The GP has referred me to an eye specialist. I can’t actually close my right eye fully, so it has to be kept an eye *no pun intended* on. Something to do with ulceration… Yuck!

I have to wait another 3 weeks now and if I haven’t made a full recovery then I have to be referred to another specialist to determine what damage (if any) has been done.

Shame that the NHS doesn’t have a reward points card. Probably should stop complaining about how much tax and national insurance I’ve paid. Over the last 6 months I think it’s safe to say I’ve clawed all that money back and then some!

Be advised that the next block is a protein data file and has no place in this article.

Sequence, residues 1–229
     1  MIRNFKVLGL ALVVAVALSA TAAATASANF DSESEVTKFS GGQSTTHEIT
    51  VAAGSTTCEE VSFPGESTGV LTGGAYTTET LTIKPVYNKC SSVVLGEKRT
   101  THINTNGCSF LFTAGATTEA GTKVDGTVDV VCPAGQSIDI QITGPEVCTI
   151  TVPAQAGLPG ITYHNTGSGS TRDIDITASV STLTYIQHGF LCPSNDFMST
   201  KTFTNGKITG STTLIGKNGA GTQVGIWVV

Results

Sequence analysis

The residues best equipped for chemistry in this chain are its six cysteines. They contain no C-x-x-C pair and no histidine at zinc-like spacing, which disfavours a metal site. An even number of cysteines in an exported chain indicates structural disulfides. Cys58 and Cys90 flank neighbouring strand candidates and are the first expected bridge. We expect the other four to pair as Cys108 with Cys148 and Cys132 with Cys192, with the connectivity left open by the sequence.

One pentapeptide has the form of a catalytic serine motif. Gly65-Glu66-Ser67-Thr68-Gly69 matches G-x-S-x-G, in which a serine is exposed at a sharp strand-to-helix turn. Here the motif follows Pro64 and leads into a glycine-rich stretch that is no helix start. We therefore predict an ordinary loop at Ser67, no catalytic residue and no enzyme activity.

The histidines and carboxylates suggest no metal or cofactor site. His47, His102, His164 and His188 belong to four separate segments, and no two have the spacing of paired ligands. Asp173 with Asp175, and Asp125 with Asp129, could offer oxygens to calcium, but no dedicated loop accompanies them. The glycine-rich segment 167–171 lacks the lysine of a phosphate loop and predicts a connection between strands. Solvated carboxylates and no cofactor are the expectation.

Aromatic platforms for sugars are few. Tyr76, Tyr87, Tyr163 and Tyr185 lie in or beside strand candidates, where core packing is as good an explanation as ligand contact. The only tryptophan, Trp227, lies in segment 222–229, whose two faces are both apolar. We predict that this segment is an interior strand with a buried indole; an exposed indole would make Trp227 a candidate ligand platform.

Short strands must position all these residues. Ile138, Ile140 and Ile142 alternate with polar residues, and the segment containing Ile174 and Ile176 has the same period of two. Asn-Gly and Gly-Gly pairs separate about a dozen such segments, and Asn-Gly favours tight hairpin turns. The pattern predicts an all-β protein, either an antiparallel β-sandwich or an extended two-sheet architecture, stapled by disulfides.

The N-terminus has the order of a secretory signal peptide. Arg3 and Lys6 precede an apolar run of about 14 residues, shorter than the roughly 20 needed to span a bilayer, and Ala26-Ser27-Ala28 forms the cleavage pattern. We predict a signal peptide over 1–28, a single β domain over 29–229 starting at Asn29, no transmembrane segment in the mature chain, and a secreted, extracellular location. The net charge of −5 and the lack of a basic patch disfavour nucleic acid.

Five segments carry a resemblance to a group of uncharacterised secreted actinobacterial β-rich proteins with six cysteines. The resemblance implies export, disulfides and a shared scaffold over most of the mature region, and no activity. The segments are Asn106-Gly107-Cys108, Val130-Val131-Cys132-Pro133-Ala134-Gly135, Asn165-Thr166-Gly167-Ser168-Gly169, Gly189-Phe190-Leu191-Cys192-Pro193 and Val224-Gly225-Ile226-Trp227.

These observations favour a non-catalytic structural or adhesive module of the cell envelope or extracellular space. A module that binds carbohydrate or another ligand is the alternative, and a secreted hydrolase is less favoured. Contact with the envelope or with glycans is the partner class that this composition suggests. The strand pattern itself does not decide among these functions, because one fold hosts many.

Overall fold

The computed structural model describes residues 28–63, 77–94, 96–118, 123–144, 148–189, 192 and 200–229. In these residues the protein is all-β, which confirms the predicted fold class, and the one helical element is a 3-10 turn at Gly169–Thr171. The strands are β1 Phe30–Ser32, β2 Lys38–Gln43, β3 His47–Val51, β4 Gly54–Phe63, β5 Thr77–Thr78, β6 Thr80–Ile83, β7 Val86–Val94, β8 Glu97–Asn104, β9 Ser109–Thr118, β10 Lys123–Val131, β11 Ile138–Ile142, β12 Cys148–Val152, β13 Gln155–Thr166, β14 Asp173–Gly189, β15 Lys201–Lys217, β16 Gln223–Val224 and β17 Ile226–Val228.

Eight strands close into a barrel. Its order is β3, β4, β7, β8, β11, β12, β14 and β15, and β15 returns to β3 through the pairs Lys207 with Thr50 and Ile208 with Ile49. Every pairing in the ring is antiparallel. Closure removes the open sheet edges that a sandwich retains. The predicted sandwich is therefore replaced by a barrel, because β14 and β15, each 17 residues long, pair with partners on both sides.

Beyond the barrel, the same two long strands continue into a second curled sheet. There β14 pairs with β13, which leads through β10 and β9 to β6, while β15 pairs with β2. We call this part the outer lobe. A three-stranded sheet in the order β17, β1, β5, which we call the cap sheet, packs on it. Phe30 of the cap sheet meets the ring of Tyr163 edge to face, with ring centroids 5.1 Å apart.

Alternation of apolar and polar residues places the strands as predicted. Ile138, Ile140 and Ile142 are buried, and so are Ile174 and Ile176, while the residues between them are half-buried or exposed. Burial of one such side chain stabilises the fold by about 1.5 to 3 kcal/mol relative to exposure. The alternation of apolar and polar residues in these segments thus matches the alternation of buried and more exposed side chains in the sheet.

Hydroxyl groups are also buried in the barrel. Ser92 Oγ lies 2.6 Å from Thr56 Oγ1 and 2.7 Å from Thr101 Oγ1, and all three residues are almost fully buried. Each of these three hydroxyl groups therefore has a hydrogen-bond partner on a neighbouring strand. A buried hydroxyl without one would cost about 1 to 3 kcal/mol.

I’ll admit. I’m ready to be healthy. Fed up of this malarkey now.

Go away Bells, you’ve out-stayed your welcome!


Emma is 16 days old and I’m getting to grips with limited and interrupted sleep.

I’m getting to grips with breast feeding and being peed on and explosive projectile poo.

I’m getting the hang of this mothering business.

After having Emma, I was told I had to take Iron tablets, as well as antibiotics (2 lots!) and the many pain relief tablets, not to mention daily injections to prevent DVT and PE (for the next 6 weeks!)

It was a pretty easy labour and birth (thanks to my epidural) however I lost a litre of blood. Which is apparently quite a lot to lose. However months and months of taking prenatal vitamins meant that my iron stores were very good and despite losing a litre of blood my iron count was still 10.9 after delivery.